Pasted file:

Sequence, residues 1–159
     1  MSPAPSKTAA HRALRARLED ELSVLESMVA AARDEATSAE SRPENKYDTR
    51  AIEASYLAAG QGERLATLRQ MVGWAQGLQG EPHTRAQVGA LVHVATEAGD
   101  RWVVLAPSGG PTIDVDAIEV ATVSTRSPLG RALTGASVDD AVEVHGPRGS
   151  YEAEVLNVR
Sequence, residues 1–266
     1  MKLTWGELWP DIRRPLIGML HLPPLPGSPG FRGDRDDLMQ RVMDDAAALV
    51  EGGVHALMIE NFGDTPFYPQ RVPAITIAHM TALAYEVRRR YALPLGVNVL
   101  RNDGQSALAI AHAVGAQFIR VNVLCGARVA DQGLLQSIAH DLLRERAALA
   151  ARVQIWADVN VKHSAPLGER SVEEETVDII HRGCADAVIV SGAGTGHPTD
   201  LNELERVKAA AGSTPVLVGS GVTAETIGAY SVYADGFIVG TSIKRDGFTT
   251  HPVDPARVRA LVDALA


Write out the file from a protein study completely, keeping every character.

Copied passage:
Sequence, residues 1–159
     1  MSPAPSKTAA HRALRARLED ELSVLESMVA AARDEATSAE SRPENKYDTR
    51  AIEASYLAAG QGERLATLRQ MVGWAQGLQG EPHTRAQVGA LVHVATEAGD
   101  RWVVLAPSGG PTIDVDAIEV ATVSTRSPLG RALTGASVDD AVEVHGPRGS
   151  YEAEVLNVR
Sequence, residues 1–266
     1  MKLTWGELWP DIRRPLIGML HLPPLPGSPG FRGDRDDLMQ RVMDDAAALV
    51  EGGVHALMIE NFGDTPFYPQ RVPAITIAHM TALAYEVRRR YALPLGVNVL
   101  RNDGQSALAI AHAVGAQFIR VNVLCGARVA DQGLLQSIAH DLLRERAALA
   151  ARVQIWADVN VKHSAPLGER SVEEETVDII HRGCADAVIV SGAGTGHPTD
   201  LNELERVKAA AGSTPVLVGS GVTAETIGAY SVYADGFIVG TSIKRDGFTT
   251  HPVDPARVRA LVDALA